Coping with shared contact at Christmas – who gets the children?
In a panic over where your children will spend Christmas? That’s why it’s important to seek advice on your rights and the best way to make contact arrangements for your children.
Why not ask the children what they want and get them to write it down? Get a lawyer involved to hear what they would like and address what they want.
Before you make a decision on your holiday parenting schedule, hiring a lawyer is a good starting point when it comes to negotiation.
If you’re unsure about Christmas contact, ask the kids. Children in Scotland as young as five years old are now eligible to have their say on their own custody rights with an amended court form.
Form F9, the controversial court form for intimation to a child, has been replaced to ensure meaningful participation by children and young people in family law actions.
Our solicitors can act as a third party ‘mediator’ if you’re looking to come to an agreement with a former spouse or partner without running into arguments.
Ross Baron, a trainee solicitor at Watermans Legal, advises: “When the clients can’t agree, that’s when we can come in as mediators. Another option is to draft a formal agreement that regulates holiday and Christmas contact going forward.
“In the event that parties cannot agree, a court would have to make a decision – that’s a last resort when the parents can’t agree. Ultimately then it would be what’s in the best interest of the child and also takes the decision away from the parties, not always providing a satisfactory outcome.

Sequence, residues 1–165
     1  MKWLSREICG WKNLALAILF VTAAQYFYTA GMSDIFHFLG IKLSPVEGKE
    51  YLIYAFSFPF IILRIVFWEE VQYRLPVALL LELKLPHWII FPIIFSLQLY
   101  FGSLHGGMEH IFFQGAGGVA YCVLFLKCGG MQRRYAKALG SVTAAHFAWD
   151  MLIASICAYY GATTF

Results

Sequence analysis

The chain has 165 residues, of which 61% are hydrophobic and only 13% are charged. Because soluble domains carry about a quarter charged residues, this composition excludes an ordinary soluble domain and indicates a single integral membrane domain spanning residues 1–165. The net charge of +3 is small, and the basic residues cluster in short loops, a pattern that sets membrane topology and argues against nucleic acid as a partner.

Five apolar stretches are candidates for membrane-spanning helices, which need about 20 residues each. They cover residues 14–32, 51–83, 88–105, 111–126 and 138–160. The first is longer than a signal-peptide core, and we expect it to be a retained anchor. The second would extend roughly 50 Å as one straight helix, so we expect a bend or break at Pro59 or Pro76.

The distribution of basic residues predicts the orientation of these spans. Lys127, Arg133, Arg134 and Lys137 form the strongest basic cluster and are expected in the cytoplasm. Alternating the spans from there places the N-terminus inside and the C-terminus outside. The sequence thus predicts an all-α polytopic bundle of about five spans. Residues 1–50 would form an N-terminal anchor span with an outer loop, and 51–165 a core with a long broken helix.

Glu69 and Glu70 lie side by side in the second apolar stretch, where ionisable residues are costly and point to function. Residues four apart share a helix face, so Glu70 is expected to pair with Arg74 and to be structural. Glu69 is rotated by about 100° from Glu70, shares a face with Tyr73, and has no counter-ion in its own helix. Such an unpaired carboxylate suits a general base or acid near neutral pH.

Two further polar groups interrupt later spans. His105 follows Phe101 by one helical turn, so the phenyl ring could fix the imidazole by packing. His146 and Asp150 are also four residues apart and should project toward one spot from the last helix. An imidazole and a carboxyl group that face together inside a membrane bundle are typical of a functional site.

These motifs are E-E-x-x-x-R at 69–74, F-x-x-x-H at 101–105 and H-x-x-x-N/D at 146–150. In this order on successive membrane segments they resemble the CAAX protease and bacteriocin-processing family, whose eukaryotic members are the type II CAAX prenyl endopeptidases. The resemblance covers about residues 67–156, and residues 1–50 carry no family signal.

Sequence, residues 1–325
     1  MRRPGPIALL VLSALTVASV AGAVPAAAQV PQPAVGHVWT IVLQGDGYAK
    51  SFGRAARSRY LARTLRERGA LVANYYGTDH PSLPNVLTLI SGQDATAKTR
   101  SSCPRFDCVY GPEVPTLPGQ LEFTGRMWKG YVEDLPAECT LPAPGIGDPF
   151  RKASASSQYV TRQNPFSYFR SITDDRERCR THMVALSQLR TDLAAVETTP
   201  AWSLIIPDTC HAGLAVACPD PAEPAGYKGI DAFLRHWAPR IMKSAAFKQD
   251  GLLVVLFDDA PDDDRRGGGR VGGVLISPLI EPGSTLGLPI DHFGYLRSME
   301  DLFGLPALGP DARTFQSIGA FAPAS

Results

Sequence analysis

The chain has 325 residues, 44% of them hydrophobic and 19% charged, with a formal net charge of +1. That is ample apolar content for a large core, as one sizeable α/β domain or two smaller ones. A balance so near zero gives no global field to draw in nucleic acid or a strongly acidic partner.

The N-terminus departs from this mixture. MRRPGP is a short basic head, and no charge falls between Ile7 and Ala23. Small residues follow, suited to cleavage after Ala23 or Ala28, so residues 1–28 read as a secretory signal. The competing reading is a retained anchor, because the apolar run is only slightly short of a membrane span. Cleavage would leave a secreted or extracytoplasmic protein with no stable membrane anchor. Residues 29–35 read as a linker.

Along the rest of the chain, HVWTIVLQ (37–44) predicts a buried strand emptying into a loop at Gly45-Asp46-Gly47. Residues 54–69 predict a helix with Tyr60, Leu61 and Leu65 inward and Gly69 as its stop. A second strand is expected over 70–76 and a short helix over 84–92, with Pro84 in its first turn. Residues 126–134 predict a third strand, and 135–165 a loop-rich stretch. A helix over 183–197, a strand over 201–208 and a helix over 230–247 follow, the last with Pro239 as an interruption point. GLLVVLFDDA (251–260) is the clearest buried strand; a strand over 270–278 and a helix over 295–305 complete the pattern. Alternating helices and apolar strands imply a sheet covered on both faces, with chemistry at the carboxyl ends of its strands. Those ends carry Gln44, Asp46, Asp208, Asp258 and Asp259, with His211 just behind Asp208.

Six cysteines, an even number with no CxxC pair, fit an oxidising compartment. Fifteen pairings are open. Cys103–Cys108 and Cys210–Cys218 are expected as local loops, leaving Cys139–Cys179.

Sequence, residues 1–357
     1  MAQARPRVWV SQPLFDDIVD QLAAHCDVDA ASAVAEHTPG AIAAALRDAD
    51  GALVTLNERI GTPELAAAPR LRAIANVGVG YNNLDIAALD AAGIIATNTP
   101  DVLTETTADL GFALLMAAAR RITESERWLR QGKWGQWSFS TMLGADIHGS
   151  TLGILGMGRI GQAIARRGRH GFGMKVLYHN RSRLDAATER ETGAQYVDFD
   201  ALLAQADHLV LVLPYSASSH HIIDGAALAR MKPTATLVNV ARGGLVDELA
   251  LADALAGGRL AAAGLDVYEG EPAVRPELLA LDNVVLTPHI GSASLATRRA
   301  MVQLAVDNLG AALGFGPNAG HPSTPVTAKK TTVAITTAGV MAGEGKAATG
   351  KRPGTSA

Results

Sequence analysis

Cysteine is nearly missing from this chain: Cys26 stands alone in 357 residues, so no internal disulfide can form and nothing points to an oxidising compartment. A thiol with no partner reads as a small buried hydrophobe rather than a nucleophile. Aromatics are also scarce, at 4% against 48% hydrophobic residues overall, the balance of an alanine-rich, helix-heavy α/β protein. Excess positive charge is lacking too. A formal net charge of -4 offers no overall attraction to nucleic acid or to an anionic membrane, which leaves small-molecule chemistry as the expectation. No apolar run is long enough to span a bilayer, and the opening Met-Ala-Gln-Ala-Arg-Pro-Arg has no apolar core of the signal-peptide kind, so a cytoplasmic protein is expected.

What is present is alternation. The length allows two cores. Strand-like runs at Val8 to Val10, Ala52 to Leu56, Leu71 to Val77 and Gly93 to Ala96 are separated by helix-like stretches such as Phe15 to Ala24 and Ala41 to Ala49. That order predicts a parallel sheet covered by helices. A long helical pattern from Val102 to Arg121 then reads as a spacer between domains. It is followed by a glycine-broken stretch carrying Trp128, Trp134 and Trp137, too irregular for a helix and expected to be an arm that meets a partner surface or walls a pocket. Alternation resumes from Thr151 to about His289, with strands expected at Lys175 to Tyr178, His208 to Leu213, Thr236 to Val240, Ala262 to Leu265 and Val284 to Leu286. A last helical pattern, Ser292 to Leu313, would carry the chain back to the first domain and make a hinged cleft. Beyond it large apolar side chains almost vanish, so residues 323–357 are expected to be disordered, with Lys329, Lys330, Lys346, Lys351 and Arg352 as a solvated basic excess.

“Where parties are able to agree on contact, we could regulate it by drafting a “Minute of Agreement” that way it’s enforceable and also gives each party and the children certainty.
“If there’s any fall out or agreement can’t be reached, we can advise on the legal implications going forward. What’s the likelihood that a court might grant an order? What is the court process? But before all that we’d act as a mediator and try to find a solution for all parties and more importantly, what’s going to benefit the children.”
If you’re looking at shared contact, you should also try to make the arrangements as far in advance as you can, as doing so last minute can make the entire process needlessly more stressful.
Other considerations are what the pattern of contact has been like previously. Is it the first year? If so, then it could be a week each and then each year after that it could be split between the parents equally.
“You should also be creative – one might have the kids at Christmas and the other might New Year,” says our co-director Donald Wright.
“The courts get busier during Christmas so it’s important to have plans set in place in plenty of advance.
“The best advice that we can give is to put it through the children’s eyes – put aside any bickering and think how you can help the kids.
“Why not ask the children what they want and get them to write it down? Get a lawyer involved to hear what they would like and address what they want.
“People split the time in all sorts of ways. It’s all about compromise and planning it so that everybody gets a shot at Christmas and New Year.”
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Posted by Lisa Boyle